2. Do not routinely prescribe antibiotics for inflamed epidermal cysts of the skin evaluated in the first 3-4 days of appearance unless infection is confirmed microbiologically
  3. Do not investigate episodes of acute urticaria of less than 6 weeks duration unless the clinical history or examination reveals a likely infective, inflammatory or neoplastic trigger or swelling and skin changes persist longer than 24 hrs
  4. Do not prescribe topical or systemic anti-fungal medication for patients with thickened, distorted toenails unless microbiological confirmation of a dermatophyte infection has been obtained
  5. Monotherapy for acne with either topical or systemic antibiotics should be avoided. Combine with topical antiseptics such as benzoyl peroxide to reduce antibiotic resistance

President of the ACD, Associate Professor Chris Baker, said regarding new dermatology recommendations on antibiotics, “Antibiotic resistance – when bacteria change so antibiotics are no longer effective and may not be useful to treat infections in the future – is a major issue in healthcare and has consequences worldwide. We found that, when identifying examples of unnecessary treatments in the dermatology area, antibiotics came up a few times and, as a result, we are outlining new guidelines.”

Australian Physiotherapy Association (APA)

  1. Don’t request imaging for patients with non-specific low back pain and no indicators of a serious cause for low back pain
  2. Don’t request imaging of the cervical spine in trauma patients, unless indicated by a validated decision rule
  3. Don’t request imaging for acute ankle trauma unless indicated by the Ottawa Ankle Rules (localised bone tenderness or inability to weight-bear as defined in the Rules)
  4. Don’t routinely use incentive spirometry after upper abdominal and cardiac surgery
  5. Avoid using electrotherapy modalities in the management of patients with low back pain
  6. Don’t provide ongoing manual therapy for patients with adhesive capsulitis of the shoulder

The APA stated that their recommendations are not prescriptive. Instead, they should help to start a conversation about what is appropriate and necessary. As each situation is unique, clinicians and consumers should use the recommendations to collaboratively formulate their own appropriate healthcare plan together.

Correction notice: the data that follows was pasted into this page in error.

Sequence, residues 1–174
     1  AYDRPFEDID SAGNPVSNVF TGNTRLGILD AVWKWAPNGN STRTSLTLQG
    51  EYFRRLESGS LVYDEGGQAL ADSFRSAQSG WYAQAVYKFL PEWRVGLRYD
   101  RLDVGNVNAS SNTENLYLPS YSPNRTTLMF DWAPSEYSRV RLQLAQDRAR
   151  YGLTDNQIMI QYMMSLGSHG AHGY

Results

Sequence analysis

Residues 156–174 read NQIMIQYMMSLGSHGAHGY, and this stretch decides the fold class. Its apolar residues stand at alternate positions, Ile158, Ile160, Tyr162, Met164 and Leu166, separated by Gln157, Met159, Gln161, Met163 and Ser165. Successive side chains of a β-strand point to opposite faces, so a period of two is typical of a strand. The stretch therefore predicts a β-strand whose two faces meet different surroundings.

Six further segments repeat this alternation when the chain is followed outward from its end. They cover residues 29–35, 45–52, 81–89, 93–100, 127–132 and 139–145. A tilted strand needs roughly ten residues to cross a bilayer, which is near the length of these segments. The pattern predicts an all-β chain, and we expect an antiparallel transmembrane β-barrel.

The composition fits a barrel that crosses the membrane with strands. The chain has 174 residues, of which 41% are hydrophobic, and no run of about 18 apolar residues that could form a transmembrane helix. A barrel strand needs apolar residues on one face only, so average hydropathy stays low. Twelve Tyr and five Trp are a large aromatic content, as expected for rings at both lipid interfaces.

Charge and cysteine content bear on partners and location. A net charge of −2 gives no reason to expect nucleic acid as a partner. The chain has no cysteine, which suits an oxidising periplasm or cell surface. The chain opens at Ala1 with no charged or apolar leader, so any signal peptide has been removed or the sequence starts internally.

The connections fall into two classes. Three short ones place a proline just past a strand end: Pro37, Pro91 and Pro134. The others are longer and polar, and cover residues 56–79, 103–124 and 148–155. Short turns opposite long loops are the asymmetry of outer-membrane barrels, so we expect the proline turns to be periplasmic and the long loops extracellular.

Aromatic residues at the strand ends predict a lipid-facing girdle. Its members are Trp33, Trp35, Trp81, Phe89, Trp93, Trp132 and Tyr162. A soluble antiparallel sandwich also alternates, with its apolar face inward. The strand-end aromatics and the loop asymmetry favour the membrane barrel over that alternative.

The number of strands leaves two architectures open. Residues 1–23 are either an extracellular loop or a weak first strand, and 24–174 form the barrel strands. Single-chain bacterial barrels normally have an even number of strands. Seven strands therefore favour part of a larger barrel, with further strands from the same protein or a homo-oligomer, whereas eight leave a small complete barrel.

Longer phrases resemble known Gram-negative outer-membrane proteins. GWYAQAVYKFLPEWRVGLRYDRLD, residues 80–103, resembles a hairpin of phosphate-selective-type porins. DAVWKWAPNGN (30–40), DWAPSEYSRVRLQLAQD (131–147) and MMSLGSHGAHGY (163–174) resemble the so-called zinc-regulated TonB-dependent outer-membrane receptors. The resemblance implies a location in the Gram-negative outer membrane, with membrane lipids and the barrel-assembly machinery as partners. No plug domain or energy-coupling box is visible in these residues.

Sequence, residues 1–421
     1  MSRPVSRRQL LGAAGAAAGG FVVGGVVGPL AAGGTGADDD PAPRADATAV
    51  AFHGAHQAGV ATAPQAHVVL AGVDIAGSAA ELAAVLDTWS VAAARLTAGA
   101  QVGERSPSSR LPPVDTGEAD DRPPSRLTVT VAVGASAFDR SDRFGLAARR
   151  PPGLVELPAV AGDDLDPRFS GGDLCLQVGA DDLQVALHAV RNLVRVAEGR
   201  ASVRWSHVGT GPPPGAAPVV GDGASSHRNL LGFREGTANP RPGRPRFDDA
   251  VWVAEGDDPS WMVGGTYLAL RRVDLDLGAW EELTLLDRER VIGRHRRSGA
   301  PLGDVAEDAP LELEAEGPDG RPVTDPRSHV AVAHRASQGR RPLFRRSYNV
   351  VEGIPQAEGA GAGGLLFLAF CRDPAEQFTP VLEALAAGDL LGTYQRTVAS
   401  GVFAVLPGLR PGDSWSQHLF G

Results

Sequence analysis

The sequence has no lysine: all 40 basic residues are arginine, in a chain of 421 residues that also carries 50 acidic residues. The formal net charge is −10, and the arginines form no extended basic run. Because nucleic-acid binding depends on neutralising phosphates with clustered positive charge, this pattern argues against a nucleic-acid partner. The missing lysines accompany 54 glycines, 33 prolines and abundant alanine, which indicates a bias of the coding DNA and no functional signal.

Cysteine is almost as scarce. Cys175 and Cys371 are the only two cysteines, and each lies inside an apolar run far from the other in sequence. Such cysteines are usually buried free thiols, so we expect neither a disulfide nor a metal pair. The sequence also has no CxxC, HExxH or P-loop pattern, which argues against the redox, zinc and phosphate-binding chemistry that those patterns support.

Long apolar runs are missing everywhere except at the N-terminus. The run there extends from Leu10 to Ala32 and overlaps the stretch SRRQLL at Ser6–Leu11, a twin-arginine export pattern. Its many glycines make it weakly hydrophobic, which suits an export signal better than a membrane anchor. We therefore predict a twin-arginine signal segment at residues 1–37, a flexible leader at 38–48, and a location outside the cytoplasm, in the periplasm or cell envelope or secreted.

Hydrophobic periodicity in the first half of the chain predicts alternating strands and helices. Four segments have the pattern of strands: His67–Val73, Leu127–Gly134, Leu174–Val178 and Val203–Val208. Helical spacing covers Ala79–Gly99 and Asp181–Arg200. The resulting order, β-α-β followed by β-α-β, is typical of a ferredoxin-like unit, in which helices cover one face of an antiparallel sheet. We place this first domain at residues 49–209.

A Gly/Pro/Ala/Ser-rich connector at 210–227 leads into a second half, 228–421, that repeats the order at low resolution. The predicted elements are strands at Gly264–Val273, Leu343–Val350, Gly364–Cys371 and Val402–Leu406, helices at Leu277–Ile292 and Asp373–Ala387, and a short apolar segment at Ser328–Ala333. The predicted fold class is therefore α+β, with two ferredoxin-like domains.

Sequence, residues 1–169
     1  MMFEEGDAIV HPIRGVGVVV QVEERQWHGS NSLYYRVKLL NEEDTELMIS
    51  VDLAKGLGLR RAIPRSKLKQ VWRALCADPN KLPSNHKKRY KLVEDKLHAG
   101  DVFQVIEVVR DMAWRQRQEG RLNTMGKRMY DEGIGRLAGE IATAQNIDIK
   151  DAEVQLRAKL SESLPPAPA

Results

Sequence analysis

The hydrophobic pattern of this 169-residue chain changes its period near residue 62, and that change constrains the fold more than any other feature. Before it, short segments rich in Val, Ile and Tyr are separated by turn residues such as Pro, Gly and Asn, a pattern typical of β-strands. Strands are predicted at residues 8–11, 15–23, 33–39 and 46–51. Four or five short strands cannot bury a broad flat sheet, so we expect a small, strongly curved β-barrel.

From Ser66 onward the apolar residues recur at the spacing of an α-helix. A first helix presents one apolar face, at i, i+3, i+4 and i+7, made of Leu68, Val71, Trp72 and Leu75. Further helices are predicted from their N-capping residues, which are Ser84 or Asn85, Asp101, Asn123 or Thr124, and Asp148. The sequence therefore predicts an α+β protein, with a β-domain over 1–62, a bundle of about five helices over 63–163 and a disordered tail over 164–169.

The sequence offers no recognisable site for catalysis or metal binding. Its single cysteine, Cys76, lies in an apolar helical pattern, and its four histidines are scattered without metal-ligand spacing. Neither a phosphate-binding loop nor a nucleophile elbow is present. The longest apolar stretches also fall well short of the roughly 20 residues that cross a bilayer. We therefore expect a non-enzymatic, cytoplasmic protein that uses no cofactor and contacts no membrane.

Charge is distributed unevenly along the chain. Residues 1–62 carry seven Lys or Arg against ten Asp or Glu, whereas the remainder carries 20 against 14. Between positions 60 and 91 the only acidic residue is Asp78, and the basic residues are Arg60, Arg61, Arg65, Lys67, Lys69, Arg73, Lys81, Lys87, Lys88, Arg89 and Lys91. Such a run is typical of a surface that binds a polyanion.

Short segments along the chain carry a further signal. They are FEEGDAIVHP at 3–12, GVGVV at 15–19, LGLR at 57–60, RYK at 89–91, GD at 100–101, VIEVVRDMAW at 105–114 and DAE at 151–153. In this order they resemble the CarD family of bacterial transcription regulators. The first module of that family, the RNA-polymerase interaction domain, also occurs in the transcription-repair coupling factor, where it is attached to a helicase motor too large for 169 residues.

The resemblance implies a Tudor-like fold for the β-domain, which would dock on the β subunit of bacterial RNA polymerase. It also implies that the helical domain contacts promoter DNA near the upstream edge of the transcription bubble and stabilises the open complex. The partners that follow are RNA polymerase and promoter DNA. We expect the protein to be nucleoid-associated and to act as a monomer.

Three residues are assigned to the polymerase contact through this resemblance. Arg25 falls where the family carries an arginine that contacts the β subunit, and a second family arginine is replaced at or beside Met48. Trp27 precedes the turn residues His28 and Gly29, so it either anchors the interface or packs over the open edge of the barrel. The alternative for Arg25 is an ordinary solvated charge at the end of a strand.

Endocrine Society of Australia (ESA)

  1. Don’t routinely order a thyroid ultrasound in patients with abnormal thyroid function tests if there is no palpable abnormality of the thyroid gland
  2. Don’t prescribe testosterone therapy unless there is evidence of proven testosterone deficiency
  3. Do not measure insulin concentration in the fasting state or during an oral glucose tolerance test to assess insulin sensitivity
  4. Avoid multiple daily glucose self-monitoring in adults with stable type 2 diabetes on agents that do not cause hypoglycaemia
  5. Don’t order a total or free T3 level when assessing thyroxine dose in hypothyroid patients

Royal Australian & New Zealand College of Ophthalmologists (RANZCO)

  1. In the absence of relevant history, symptoms and signs, ‘routine’ automated visual fields and optical coherence tomography are not indicated
  2. AREDS-based vitamin supplements only have a proven benefit for patients with certain subtypes of age-related macular degeneration. There is no evidence to prescribe these supplements for other retinal conditions, or for patients with no retinal disease
  3. Don’t prescribe tamsulosin or other alpha-1 adrenergic blockers without first asking the patient about a history of cataract or impending cataract surgery
  4. Intravitreal injections may be safely performed on an outpatient basis. Don’t perform routine intravitreal injections in a hospital or day surgery setting unless there is a valid clinical indication
  5. In general there is no indication to perform prophylactic retinal laser or cryotherapy to asymptomatic conditions such as lattice degeneration (with or without atrophic holes), for which there is no proven benefit

Royal Australian and New Zealand College of Radiologists (RANZCR)

  1. Don’t request imaging for acute ankle trauma unless indicated by the Ottawa Ankle Rules (localised bone tenderness or inability to weight-bear as defined in the Rules)
  2. Don’t request duplex compression ultrasound for suspected lower limb deep venous thrombosis in ambulatory outpatients unless the Wells Score (deep venous thrombosis risk assessment score) is greater than 2, OR if less than 2, D dimer assay is positive
  3. Don’t request any diagnostic testing for suspected pulmonary embolism (PE) unless indicated by Wells Score (or Charlotte Rule) followed by PE Rule-out Criteria (in patients not pregnant). Low risk patients in whom diagnostic testing is indicated should have PE excluded by a negative D dimer, not imaging